Were any of the conflicts transposed from your own life?
Bree's family is not my family, but her mother is my mother, and Fionnula Flanagan [playing opposite Burt Young as Bree's father] is so out there but dead-on with her performance. If I saw this in a movie, I'd never believe that she was based on a real person. It was risky to write her with no boundaries between torture and love, and Fionnula was so brave to play it like a diva and walk that razor's edge between sad and loving. Take it from me - she's not really over-the-top.

Was the 'Crying Game' moment necessary?
I think so. I could have shot it another way, but when I saw how real Bree was becoming, I wanted to tell the truth. I didn't want a Hallmark Hall of Fame moment, as I realized that it was very possible to forget what her baggage is. I talked with Felicity about it and told her that I wasn't going to be exploitative, just honest. She was into it, but we ran into trouble when I found out that for a prosthetic penis [like the kind Mark Wahlberg swung at the end of Boogie Nights], it was going to cost $20,000. So instead, we found a prosthetic "stuffer" [an artificial limb of sorts used by prospective female-to-male transsexuals]. We had the folks in Props drill it [Bree pees with it in the scene], and Make-Up, well, made it up. Felicity tried it on a few hours before the shoot, and called me in to look. Two feet away - and under fluorescent light - it looked just like the real thing [and it does on-screen]. So, for $12.95, I can now say, "Screw you, special effects house!" [Laughs.]

Felicity then started to withdraw inside herself. I asked her if she was OK, and assured her that the scene would go well. Her shoulders began to shake, and within 30 seconds, her body was heaving with deep sobs. She cried a lot because she had started identifying so much with Bree and realized how hard her life had been. I let her cry, told her a silly, off-color joke and we shot the scene. It was a special moment, and it marked a new level in our friendship.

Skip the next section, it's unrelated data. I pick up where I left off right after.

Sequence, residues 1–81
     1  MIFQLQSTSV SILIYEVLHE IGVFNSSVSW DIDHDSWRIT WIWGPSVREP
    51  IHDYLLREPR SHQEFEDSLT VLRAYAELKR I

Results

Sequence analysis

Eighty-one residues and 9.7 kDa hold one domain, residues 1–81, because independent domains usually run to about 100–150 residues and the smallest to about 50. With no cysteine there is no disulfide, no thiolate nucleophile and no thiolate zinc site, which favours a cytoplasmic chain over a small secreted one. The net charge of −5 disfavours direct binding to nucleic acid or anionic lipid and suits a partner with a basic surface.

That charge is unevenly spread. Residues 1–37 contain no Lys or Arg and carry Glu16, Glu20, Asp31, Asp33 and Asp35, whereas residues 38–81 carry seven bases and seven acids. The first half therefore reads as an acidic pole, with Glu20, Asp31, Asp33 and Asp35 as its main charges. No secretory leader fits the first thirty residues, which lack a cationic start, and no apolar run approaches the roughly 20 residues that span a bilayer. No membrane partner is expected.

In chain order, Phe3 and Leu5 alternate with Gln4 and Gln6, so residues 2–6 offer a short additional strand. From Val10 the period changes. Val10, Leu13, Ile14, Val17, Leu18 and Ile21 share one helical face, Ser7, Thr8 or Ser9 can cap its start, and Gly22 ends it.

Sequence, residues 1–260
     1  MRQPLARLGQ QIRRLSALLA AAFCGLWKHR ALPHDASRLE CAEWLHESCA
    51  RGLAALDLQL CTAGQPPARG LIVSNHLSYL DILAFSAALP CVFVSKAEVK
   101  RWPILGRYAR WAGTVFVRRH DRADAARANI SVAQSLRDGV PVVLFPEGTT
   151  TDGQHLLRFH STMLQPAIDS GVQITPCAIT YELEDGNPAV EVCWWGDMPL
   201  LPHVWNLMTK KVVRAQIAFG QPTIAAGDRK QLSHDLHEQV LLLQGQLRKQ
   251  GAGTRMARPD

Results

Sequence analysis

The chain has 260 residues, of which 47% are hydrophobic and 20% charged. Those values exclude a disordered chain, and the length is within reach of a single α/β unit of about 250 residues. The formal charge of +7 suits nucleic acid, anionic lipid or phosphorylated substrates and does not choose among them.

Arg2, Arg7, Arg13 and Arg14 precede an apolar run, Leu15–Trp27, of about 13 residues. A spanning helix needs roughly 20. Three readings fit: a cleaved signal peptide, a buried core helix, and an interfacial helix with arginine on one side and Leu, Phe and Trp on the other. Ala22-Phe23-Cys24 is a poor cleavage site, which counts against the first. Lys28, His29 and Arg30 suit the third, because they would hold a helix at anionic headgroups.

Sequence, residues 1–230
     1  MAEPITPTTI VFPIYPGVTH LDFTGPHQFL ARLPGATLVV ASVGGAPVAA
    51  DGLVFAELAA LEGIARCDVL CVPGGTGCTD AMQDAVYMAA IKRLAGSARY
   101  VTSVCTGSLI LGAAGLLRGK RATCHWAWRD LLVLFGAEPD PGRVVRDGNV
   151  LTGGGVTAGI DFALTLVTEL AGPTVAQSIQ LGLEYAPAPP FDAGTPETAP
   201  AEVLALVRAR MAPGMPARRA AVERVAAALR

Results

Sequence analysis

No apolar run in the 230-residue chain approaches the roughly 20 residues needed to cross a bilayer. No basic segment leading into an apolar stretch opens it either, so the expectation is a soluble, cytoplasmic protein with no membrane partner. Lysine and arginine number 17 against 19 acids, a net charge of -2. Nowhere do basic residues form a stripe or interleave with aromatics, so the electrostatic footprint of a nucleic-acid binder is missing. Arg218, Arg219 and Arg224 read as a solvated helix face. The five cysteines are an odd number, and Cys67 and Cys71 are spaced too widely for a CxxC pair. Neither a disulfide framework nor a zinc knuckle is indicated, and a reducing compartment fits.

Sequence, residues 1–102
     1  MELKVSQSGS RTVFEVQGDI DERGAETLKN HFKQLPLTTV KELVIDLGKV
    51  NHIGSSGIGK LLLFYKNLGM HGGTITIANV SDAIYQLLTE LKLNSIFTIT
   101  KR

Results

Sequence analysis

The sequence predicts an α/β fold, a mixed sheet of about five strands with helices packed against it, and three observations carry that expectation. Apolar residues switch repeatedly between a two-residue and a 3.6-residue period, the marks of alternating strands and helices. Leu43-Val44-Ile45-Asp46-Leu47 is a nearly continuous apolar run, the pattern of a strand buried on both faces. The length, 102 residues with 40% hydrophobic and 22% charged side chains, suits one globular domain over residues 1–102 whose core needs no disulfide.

What did you have to do to make sure that Transamerica didn't play out as cliché?
I designed it purposely as a very epic quest, like a sonnet with a heightened sense of reality. It's like Oedipus in a way, and while both stories are not likely, they are both real, or at least I tried to make it real. Also, I made sure that the humor came only from character, from the reality of the moment. So many people think the movie is going to be one of two things: something campy and silly or a dark cross-country trek in which the main character gets beat up. It's just so not either one of those. Hopefully, you'll laugh more than cry, because it really is joyous - or at least I hope it is - and not grueling and dark and like taking medicine.

Transamerica is now playing in New York and L.A. and opens in the Top 20 markets on December 23rd, with a wider rollout planned for January.